A recently published study by the Institute for Women’s Policy Research found that at current rates of progress, women in the United States will not receive equal pay for equal work until 2058. Few readers of our blog will still be working then— just one obvious sign that pay equity is much too far away. Although these findings are discouraging, the study also indicated that years or even decades can be shaved off the projection with dedicated leadership and the right action steps.

Returning to the 2015 Hunger Report’s main focus on women’s empowerment in developing countries, here are three high-impact actions that will help achieve both gender equality and the end of hunger more quickly.  

1. Elect More Women 

Women are half of the global population, but hold an average of just 22 percent of seats in national parliaments. Research has found that women in public office at all levels tend to place greater emphasis than men on social services such as education, clean water and sanitation, and nutrition. They are also, not surprisingly, better positioned to understand and advocate for laws and policies that improve the status of women. Gender quotas are one way of ensuring that women’s voices are represented in government, and more than 80 countries have adopted them. Rwanda offers a compelling example. Once women got a foot in the door in that country’s national parliament, they exceeded their “quota” and now hold more than 60 percent of seats.

2. Strengthen Collective Women’s Groups

When marginalized people are free to speak and act collectively, their causes are more likely to be taken seriously by those in power. Beyond government, women can raise their collective voices through labor unions and religious and civil society groups. This can bring change sooner. But in many countries, social norms or even laws bar women from participation in the most influential groups. In Bangladesh and Nepal, women’s efforts to organize labor unions have been suppressed, sometimes violently. This is true particularly in key sectors that pay poorly, such as the garment industry. Yet effective collective bargaining groups represent these women’s best opportunity to lift themselves out of poverty by commanding higher wages and better working conditions.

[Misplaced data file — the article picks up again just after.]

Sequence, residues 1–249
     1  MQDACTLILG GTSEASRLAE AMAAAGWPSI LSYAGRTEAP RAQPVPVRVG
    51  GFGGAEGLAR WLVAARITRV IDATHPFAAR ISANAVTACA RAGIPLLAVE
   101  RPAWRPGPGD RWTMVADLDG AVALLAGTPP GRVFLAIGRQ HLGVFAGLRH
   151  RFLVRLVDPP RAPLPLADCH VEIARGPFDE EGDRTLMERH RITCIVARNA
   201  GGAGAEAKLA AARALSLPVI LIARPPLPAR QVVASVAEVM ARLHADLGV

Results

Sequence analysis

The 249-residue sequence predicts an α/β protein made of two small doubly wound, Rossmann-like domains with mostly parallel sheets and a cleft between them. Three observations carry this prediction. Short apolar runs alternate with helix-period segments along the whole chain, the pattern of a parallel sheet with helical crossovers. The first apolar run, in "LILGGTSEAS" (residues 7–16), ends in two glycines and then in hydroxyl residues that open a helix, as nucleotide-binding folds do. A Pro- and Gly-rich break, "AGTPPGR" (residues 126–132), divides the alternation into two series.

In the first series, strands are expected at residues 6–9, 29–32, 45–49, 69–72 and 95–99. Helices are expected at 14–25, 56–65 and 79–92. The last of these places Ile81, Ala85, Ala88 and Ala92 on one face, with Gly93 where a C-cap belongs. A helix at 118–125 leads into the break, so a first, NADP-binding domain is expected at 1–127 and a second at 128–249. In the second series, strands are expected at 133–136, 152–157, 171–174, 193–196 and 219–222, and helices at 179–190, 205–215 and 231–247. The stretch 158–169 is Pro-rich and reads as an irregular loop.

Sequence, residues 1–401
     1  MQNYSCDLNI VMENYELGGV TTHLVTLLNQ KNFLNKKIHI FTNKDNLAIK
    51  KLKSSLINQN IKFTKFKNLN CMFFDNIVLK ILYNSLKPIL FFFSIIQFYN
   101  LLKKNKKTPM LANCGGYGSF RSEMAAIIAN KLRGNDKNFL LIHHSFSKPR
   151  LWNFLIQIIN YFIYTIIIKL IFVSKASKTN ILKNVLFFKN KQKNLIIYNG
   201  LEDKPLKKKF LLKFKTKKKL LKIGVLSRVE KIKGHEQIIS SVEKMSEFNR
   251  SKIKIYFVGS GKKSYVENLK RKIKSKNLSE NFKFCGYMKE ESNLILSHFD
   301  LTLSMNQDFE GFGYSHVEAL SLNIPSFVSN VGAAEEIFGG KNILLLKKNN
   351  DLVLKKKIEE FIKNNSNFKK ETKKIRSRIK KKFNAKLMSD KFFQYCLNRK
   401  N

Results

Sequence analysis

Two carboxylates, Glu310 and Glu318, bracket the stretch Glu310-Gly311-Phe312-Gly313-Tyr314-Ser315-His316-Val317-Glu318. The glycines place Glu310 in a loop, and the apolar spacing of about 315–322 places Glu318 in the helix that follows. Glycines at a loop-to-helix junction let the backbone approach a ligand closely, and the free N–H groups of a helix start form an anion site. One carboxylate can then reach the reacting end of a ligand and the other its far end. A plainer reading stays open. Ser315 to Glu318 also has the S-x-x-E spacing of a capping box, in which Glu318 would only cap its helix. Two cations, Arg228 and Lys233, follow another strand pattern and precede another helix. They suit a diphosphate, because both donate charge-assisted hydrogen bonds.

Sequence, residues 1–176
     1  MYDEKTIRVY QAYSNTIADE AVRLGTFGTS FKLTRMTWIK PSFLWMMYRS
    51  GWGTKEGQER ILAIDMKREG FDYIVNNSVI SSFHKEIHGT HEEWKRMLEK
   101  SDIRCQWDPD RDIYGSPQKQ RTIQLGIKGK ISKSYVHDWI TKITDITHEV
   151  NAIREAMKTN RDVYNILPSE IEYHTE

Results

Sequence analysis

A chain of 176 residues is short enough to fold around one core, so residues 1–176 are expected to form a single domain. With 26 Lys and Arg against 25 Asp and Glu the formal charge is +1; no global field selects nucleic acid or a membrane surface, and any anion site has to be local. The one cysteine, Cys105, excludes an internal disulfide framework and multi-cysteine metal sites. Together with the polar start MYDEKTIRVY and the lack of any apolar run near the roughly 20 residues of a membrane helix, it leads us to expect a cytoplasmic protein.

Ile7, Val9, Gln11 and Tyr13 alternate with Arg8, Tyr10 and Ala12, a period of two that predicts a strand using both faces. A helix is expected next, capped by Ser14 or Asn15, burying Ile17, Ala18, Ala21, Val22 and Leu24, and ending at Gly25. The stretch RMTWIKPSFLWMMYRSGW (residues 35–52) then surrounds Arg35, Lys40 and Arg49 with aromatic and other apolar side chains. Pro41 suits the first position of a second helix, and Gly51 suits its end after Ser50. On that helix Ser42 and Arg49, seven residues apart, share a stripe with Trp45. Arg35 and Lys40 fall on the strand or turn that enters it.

3. Include Men

As we said in last week’s post, when women flourish, so do men. Evidence repeatedly affirms that empowering women benefits everyone. It adds whole percentage points to economic growth, reduces poverty and hunger, and improves health and nutrition for men, women, and children. But people do not always act according to reason and evidence. Restrictions on a person’s work and productivity based on gender are irrational, but sexist stereotypes and traditions persist at everyone’s expense. The people with the most power to change them – men – appear to be particularly prone to such misconceptions. Gender equality requires that both men and women examine and challenge their perceptions of what is an equitable division of labor. Public policies should not, explicitly or implicitly, reinforce stereotypes that force men into breadwinning roles or women into caregiving roles. Progress requires that men be intentionally, if carefully, welcomed into the discussion. Shared understanding can produce enthusiastic male advocates, and their credibility with other men can speed up social change.

The recommendations in this post were drawn mainly from Chapter 3 of the 2015 Hunger Report. View and download the full Hunger Report and explore stories, infographics, and interactive tools online at hungerreport.org Derek Schwabe